May 26, 2011

Interested in coal-fired ovens? Check out the raves for this Wood Stone installation…

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Restaurant Review: Coal’s Artisan Pizza

Intensely flavored and burning hot pie

Marty Rosen
Special to the Courier-Journal
May 23, 2011

Restaurant Review: Coal's Artisan Pizza
The Brownsboro at Coals Artisan Pizza features pepperoni, fresh mozzarella and romano cheese with a rustic marinara sauce topped with fresh basil. The pizza is cooked by a special 7,000-pound coal-fired oven. (Credit: Matt Stone)

It’s been a burning question for years: Given that the most storied pizzerias in New York City use coal-burning ovens, and given that Kentucky is deeply rooted in coal culture, why is it that there are no coal-oven pizzerias in the state?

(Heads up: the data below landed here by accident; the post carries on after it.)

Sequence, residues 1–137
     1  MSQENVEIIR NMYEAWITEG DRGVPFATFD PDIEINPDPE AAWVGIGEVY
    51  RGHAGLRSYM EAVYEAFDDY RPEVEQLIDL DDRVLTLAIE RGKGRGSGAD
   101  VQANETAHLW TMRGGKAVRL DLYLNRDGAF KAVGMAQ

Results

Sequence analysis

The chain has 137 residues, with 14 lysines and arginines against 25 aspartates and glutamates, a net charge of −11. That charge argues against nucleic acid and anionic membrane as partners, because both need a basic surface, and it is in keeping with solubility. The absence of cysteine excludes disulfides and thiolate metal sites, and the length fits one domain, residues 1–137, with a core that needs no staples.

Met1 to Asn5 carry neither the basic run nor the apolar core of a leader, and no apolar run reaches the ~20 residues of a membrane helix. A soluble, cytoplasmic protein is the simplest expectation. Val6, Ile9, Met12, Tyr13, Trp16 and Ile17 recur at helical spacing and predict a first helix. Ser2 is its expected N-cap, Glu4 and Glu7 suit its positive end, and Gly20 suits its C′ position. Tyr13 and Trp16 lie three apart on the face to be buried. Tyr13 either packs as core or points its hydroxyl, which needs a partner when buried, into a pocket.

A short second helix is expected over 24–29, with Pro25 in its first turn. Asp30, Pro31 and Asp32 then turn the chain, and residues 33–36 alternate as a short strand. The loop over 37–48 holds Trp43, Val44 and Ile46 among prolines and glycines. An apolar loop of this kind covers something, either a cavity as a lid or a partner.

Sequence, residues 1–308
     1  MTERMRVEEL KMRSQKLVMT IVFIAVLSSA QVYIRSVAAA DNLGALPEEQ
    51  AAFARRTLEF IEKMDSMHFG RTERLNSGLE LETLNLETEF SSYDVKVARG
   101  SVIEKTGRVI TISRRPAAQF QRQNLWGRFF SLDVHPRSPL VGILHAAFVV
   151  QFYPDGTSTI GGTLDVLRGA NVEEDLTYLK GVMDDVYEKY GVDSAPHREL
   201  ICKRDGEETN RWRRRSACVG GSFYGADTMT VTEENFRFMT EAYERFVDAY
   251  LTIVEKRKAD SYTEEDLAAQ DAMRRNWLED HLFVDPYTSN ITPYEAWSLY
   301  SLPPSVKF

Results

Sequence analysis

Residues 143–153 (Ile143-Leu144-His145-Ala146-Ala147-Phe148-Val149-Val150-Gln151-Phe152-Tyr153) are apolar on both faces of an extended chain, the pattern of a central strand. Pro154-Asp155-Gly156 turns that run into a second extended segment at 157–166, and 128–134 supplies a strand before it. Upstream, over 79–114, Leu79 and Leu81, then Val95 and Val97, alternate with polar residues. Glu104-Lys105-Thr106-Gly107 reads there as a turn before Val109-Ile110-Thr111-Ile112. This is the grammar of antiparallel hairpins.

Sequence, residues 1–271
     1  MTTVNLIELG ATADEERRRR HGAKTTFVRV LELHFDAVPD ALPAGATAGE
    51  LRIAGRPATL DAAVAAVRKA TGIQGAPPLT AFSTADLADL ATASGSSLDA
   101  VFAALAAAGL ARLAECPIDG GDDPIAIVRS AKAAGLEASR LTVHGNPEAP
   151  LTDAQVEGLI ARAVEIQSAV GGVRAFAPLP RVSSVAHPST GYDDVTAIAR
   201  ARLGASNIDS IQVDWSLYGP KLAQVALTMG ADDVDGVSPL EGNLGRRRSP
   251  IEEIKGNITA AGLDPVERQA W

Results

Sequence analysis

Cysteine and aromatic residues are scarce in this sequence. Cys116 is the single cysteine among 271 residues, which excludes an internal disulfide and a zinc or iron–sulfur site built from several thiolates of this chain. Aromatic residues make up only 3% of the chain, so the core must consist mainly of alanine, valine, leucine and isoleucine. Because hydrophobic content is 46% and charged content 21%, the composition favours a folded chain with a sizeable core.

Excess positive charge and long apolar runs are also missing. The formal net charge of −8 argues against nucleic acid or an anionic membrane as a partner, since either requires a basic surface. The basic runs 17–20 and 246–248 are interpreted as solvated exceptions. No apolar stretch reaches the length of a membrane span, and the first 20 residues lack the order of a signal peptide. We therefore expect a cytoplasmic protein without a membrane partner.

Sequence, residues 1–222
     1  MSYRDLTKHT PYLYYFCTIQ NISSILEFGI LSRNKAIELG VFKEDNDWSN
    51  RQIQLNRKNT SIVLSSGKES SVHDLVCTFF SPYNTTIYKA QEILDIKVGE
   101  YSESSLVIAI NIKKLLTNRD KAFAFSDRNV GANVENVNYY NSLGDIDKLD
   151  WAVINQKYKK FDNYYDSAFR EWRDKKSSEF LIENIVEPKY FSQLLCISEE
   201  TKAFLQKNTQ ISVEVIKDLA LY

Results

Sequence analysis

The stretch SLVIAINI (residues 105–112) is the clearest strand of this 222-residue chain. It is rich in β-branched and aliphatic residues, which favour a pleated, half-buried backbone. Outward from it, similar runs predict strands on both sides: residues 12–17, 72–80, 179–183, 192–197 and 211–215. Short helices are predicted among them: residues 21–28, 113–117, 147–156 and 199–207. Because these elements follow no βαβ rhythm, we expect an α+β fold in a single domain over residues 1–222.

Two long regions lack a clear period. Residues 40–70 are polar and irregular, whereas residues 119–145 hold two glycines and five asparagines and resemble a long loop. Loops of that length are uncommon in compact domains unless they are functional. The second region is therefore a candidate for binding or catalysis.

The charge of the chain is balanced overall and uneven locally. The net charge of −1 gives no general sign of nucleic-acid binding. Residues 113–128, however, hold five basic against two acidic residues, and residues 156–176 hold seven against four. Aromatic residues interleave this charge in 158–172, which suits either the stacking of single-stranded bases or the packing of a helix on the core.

History, geography and geology offer part of the answer. Those New York City pizzerias started when anthracite was the default fuel in the Northeast, and from the beginning they burned clean-burning anthracite from eastern Pennsylvania, not the soft bituminous coal of Kentucky. These days, environmental regulations make it nearly impossible to open a new coal-oven pizzeria in New York City.

But there are other obstacles as well. Coal ovens aren’t exactly catalog items at most restaurant supply stores. And once you acquire one, you have to figure out how to cook pies at about 1,000 degrees. It requires sharp eyes, perfect judgment and split-second timing.

Mark Peters, Madeline Peters and Ginny Peters, co-owners of Coals Artisan Pizza, which opened last month in the Vogue Center, and chefs Mike Hungerford and Penpoki Silver have solved all those problems. Their oven is from Washington state. The anthracite is culled from the unused refuse piles left from old mining operations. And based on recent visits, Hungerford and his crew are playing that oven like masters…

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